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2010: The Year in Review, Part 2


Our account of 2010 C.E. continues with a glimpse at the moments that shaped the second half of the year. Sure, you may think they're all still fresh in your mind, but remember when you thought the same thing about those leftovers that turned into fungal monsters in your fridge?

You'll find the highlights from July through December after the break. Yes, some of them have turned into fungal monsters while you weren't paying them any mind.


Jul. 6: Forget about an Alpha Protocol sequel. The case study in how not to launch a game concludes.

Jul. 15: 1 vs. 100 is canned. The great Xbox Live experiment comes to an end, but its tech will be used for "spiritual successor" Full House Poker. Call Uncle Jesse!

Jul. 21: Limbo is released on XBLA and proves you can totally get away with killing a kid in horrific ways in a video game, if it's done artistically. The game climbs its way into our top games of 2010.

Jul. 27: Social games investment reaches a new high as Disney Interactive acquires Playdom for $563.2 million. Major biz reorganization follows and Disney cancels Pirates of the Caribbean: Armada of the Damned. We're still waiting to hear if Epic Mickey was a sales success.

Jul. 28: SOCOM 4 is delayed to 2011, as plans to position it as a "core" PlayStation Move launch title are abandoned. The 3D mode is not to blame.


Aug. 5: Batman: Arkham City gets a name, and we start to practice our hype-ventilating breathing exercises. Next fall is a long ways away.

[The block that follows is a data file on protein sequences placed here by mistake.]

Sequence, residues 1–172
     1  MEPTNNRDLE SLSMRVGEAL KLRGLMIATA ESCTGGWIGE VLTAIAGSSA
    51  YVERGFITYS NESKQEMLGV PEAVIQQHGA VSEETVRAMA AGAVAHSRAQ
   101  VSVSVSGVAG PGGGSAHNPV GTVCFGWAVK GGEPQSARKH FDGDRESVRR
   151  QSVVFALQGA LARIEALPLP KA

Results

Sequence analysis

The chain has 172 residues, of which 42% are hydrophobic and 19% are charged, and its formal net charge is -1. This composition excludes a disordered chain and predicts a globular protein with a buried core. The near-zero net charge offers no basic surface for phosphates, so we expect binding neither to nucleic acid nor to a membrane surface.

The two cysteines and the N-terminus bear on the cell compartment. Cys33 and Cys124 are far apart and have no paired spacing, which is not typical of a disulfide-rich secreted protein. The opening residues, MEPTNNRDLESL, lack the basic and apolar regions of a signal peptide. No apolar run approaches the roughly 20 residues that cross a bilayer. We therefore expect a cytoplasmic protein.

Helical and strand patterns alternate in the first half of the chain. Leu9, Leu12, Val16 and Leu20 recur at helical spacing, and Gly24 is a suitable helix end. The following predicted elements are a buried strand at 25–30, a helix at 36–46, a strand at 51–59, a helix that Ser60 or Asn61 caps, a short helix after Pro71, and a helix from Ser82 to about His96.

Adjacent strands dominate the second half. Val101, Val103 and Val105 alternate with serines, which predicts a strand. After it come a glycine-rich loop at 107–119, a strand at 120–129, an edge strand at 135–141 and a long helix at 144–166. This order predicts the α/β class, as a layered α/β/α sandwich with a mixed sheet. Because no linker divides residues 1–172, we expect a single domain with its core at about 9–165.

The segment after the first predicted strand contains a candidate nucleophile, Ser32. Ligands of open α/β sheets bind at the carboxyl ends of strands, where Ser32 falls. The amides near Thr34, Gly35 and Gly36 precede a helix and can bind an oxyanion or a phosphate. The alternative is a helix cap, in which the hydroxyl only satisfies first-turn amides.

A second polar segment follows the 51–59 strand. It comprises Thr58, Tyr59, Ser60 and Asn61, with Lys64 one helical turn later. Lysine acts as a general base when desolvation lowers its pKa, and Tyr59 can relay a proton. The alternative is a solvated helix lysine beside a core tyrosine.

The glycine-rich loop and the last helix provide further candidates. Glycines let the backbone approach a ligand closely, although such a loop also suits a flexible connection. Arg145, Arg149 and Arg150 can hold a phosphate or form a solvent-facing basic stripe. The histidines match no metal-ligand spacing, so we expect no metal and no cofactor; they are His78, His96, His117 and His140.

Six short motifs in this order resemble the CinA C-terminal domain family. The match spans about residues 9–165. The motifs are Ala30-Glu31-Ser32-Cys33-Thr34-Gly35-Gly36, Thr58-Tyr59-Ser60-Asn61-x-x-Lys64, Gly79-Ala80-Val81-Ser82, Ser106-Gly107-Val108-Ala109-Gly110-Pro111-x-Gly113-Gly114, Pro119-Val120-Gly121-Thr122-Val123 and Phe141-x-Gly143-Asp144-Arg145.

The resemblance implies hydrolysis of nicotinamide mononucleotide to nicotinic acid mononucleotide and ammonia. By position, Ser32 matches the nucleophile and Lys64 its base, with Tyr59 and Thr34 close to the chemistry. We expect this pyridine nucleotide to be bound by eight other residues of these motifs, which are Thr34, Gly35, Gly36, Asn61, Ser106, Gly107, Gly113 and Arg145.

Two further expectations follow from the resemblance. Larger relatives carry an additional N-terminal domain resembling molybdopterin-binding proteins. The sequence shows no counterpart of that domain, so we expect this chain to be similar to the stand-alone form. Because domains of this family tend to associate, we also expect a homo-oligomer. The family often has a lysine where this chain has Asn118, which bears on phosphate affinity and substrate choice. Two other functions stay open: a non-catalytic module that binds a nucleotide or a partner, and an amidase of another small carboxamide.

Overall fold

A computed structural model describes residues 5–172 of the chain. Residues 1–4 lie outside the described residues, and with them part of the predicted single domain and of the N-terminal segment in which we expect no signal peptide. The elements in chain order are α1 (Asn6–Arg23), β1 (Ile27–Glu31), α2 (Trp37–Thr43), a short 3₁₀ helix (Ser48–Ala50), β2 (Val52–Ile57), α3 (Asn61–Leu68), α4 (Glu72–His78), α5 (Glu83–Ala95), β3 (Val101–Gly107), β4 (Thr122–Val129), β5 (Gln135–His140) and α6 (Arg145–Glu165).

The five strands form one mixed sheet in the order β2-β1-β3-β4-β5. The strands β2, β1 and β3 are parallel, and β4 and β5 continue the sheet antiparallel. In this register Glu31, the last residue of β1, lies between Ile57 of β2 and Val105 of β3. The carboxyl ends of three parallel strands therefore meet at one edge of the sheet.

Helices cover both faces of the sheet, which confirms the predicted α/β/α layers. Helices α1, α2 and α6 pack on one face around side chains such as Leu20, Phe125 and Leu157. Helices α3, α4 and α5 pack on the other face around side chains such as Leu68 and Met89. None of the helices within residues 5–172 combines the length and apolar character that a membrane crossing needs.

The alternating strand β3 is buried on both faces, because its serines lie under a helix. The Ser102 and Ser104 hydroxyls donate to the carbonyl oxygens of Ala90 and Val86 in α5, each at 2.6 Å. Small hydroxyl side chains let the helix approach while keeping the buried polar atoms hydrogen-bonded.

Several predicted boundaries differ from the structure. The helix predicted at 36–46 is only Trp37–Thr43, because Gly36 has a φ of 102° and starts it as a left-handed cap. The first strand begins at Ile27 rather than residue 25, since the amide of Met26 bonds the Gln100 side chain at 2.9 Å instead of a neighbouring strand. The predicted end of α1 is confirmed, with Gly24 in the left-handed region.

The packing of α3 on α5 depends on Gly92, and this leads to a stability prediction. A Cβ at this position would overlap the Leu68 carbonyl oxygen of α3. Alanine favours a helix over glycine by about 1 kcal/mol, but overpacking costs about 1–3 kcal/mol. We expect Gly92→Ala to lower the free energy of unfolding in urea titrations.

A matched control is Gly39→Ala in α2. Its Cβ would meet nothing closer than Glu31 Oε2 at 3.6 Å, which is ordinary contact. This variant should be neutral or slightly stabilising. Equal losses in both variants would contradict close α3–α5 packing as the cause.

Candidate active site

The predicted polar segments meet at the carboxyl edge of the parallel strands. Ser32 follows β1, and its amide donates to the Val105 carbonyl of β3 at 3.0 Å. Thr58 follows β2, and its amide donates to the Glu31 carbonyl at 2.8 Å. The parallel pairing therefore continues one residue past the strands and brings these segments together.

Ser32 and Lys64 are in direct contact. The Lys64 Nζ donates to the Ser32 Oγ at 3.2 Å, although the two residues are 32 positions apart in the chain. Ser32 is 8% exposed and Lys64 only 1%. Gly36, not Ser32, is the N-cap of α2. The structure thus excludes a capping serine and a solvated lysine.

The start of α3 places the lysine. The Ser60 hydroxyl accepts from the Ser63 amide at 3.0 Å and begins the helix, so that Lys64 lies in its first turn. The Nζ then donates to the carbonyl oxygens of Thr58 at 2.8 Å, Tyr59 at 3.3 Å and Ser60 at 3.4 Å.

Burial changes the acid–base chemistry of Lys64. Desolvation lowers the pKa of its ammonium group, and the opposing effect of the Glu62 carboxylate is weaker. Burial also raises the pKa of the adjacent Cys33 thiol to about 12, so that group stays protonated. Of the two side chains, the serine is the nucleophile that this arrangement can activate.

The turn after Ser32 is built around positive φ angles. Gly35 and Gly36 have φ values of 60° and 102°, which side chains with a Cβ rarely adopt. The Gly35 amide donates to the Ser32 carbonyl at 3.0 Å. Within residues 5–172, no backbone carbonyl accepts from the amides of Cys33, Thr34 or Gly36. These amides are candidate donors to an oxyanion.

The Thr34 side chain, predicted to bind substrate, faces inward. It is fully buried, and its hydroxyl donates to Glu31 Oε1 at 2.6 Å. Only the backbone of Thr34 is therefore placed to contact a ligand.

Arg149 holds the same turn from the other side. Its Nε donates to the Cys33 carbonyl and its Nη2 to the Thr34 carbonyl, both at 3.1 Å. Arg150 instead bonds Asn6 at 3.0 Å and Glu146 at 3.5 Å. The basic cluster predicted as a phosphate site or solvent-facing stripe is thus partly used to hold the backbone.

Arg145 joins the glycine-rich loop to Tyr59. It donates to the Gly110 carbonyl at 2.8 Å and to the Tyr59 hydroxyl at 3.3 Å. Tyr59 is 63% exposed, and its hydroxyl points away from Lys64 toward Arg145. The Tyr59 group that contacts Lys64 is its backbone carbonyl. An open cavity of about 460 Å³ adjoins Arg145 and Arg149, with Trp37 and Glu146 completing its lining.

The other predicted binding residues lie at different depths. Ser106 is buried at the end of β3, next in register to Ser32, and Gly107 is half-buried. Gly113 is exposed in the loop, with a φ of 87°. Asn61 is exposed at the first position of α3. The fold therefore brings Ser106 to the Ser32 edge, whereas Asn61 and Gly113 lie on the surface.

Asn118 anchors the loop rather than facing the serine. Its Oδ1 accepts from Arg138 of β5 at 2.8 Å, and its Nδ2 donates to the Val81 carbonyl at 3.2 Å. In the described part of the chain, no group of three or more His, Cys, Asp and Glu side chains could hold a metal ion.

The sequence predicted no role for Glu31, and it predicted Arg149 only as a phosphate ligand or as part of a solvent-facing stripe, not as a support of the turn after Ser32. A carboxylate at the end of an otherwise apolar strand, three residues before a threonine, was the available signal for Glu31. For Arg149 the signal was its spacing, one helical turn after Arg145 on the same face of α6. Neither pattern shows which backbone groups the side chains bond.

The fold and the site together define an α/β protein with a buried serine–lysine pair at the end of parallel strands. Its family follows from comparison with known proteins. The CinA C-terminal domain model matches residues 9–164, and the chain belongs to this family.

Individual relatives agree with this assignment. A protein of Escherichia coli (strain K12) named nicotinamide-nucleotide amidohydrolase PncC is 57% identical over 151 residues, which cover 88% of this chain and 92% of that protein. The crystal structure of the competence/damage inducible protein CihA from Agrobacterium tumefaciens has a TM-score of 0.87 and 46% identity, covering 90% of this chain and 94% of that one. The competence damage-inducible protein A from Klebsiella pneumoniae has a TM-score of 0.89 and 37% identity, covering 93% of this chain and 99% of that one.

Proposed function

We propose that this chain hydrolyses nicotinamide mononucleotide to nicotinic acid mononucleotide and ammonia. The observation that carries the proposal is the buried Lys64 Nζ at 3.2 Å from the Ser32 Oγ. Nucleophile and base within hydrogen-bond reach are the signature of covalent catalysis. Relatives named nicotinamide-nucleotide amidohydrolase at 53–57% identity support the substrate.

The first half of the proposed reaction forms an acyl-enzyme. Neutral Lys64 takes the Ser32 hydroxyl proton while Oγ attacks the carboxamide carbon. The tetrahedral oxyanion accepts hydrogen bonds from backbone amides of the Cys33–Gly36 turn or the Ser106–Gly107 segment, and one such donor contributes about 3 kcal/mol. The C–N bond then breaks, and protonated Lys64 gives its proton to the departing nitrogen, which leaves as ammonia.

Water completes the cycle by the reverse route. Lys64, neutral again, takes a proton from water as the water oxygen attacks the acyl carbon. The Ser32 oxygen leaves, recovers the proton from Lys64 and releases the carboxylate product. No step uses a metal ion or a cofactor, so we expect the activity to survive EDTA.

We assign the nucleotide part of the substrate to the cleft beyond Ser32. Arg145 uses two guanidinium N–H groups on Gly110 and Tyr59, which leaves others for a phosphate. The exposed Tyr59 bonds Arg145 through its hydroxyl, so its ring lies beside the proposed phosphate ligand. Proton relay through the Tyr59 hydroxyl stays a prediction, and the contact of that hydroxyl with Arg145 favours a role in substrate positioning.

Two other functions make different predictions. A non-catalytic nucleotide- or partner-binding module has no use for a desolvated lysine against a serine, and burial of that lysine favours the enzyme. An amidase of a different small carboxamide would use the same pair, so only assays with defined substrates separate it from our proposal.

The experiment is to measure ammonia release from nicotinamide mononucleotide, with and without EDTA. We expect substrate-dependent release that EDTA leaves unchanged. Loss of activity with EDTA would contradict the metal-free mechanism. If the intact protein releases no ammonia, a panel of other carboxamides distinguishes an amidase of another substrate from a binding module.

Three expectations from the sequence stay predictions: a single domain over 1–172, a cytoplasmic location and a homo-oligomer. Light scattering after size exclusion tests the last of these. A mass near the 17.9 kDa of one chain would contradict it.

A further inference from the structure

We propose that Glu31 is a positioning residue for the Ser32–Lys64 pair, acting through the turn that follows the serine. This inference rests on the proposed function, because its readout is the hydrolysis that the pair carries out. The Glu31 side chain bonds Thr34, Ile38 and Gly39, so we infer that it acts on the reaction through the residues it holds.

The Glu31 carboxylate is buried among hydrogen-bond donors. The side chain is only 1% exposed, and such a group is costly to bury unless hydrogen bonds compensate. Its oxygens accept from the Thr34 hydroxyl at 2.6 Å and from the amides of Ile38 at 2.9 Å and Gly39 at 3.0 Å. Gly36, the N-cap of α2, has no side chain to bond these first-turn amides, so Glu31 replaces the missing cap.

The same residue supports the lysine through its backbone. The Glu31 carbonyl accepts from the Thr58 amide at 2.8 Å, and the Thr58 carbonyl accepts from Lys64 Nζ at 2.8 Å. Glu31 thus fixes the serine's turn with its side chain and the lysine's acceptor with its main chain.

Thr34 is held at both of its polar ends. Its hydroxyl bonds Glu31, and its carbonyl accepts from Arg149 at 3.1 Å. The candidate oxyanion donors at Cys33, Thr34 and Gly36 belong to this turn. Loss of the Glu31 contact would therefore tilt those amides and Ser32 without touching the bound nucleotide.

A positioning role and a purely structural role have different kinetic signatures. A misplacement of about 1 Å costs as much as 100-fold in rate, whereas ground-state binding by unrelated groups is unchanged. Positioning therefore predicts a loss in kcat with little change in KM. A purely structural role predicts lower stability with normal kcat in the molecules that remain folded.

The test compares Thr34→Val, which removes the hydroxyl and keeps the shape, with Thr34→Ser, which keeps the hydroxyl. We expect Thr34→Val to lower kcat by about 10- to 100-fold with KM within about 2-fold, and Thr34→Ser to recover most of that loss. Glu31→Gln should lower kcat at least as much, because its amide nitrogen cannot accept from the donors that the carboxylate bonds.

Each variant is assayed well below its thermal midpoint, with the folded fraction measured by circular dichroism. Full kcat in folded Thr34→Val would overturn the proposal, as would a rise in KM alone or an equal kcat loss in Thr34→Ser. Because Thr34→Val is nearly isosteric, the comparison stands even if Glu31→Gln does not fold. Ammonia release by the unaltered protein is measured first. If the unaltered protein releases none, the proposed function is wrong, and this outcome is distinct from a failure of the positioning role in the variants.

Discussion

Aug. 12: BioShock Infinite unveiled as Ken Levine and co. reveal their Irrational plans to take the franchise sky-high.

Aug. 13: Crysis 2 is dated for March 2011 shortly after being delayed beyond an originally planned 2010 release. (Are we sensing a second-half theme yet?)

Aug. 16–18: GDC Europe 2010 reveals surprising details about US Heavy Rain sales and the consumer's developing interest in DLC.

Aug. 17: Realtime Worlds begins to unravel. The studio dies -- along with its new MMO -- and stays dead. APB, however, is resurrected, er reloaded.

Aug. 18–22: GamesCom 2010, the world's largest video game convention (TGS is second), takes place in Germany. We're subjected to the horror of Harry Potter and the Deathly Hallows: Part 1 for the first time -- but not the last.

Aug 19: PSJailbreak USB modchip claims to crack PS3 system security, and it's not a hoax. The noise dies down after a court ruling in Sony's favor and a PS3 firmware update blocks the device.

Aug. 24: EA insists controversy over the use of the "Taliban" name in Medal of Honor's multiplayer won't force a compromise of the game's "creative vision." Whoops! That doesn't last. Even after the Taliban becomes the "Opposing Force," Military stores don't sell the game and DICE claims the overall controversy had a negative effect on the reviews.

Aug. 30: Microsoft announces annual Xbox Live price hike to $60. There's always PlayStation Plus for $10 less.


Sept. 2: L.A. Noire is officially delayed. This was preceded by Take-Two's other noir title, Max Payne 3, falling into its own delay -- but at least it dodged cancellation in doing so!

Sep. 3–5: Duke Nukem Forever will be completed by Gearbox was the promise made on the PAX Prime show floor. Duke Nukem' Forever WILL BE COMPLETED by Gearbox.

Sep. 16–19: Tokyo Game Show gives us our first shot at Gal Gun.

Sep. 16: The Last Guardian is finally dated ... for Holiday 2011. Did you really think it was ever going to be 2010?

Sep. 16: PSP2 reportedly in the hands of Mortal Kombat developers, and then EA. By year's end, we see alleged prototype shots and specs, but Sony will wait for when "the timing is right" to confirm.

Sep. 20: Everyman hero Steve Wiebe reclaims the "King of Kong" title. (But it's short-lived.)

Sep. 22: Ill-conceived publicity stunt of the year goes to for making users think it's dead, thus igniting long-held fears about the sustainability of digital distribution. Haha -- fooled you! Just a revamp.